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PLoS One. 2018 Jan 24;13(1):e0191368. doi: 10.1371/journal.pone.0191368. eCollection 2018.

Association between dietary protein intake and grip strength among adults aged 51 years and over: What We Eat in America, National Health and Nutrition Examination Survey 2011-2014.

Author information

1
Department of Nutrition and Food Science, University of Maryland, College Park, Maryland, United States of America.
2
United States Department of Agriculture, ARS, Beltsville Human Nutrition Research Center, Beltsville, Maryland, United States of America.

Abstract

INTRODUCTION:

Distributing daily protein intake evenly across meals (∼25-30g/meal) has been suggested to improve muscle mass. The aim of this research is to examine the association between grip strength, total protein intake and its distribution across day's meals in older adults.

METHODS:

Nationally representative dietary intake data of adults aged 51 years and older (n = 4,123) who participated in What We Eat in America, NHANES 2011-2014 were analyzed. Protein intake per day and per eating occasion (breakfast, lunch, dinner, and snack) were determined. Combined grip strength was calculated and expressed in kilograms. Grip strength of individuals consuming ≥25g protein at 1 eating occasion was compared with those consuming same level of protein at 2 and 3 or more eating occasions. Grip strength of individuals in quartile 1 of daily protein intake was compared to those in the other quartiles. All associations were examined without and with adjustment for age, race/ethnicity, physical activity, health status, and smoking status. The comparison involving eating occasions and protein intake quartiles were further adjusted for daily protein intake and energy intake, respectively.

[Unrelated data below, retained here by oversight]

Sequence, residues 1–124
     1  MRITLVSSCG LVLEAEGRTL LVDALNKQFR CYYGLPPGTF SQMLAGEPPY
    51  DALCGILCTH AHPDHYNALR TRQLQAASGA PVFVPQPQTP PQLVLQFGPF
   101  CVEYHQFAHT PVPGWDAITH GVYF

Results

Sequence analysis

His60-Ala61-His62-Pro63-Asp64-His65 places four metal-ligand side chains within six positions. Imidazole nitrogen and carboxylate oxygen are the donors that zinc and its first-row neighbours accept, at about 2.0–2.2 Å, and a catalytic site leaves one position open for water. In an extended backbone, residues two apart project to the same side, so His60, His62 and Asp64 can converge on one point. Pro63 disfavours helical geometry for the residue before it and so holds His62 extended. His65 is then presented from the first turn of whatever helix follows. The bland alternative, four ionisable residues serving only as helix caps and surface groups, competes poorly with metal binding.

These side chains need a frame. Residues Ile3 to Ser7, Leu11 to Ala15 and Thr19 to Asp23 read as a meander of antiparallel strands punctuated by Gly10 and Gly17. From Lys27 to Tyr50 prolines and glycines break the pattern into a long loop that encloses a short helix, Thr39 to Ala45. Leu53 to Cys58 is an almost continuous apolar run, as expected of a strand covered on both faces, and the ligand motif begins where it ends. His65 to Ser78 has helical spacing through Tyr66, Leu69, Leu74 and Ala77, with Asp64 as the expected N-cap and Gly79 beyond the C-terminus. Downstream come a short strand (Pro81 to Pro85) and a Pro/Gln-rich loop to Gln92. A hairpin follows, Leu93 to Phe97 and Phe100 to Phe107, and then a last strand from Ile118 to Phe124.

RESULTS:

Only 33% of men and 19% of women had protein intake of ≥25g at 2 or more eating occasions. These individuals also had higher grip strength and daily protein intake. Grip strength was positively associated with consumption of ≥25g protein at 2 eating occasions as compared to consumption of same level of protein at 1 eating occasion (p<0.05) in unadjusted model, but not when adjusted. Grip strength was positively associated with daily protein intake among women in quartiles 3 and 4 (p<0.05) of protein intake in both unadjusted and adjusted models compared to lowest protein intake. Among men, grip strength was associated with daily protein intake in quartiles 3 and 4 (p<0.05) in the unadjusted model, but not when adjusted.

CONCLUSION:

In a nationally representative sample of older adults, consuming ≥25g protein at 2 or more eating occasions was not associated with grip strength. However, higher daily protein intake was positively associated with grip strength in women.

PMID:
29364939
PMCID:
PMC5783368
DOI:
10.1371/journal.pone.0191368
[Indexed for MEDLINE]
Free PMC Article

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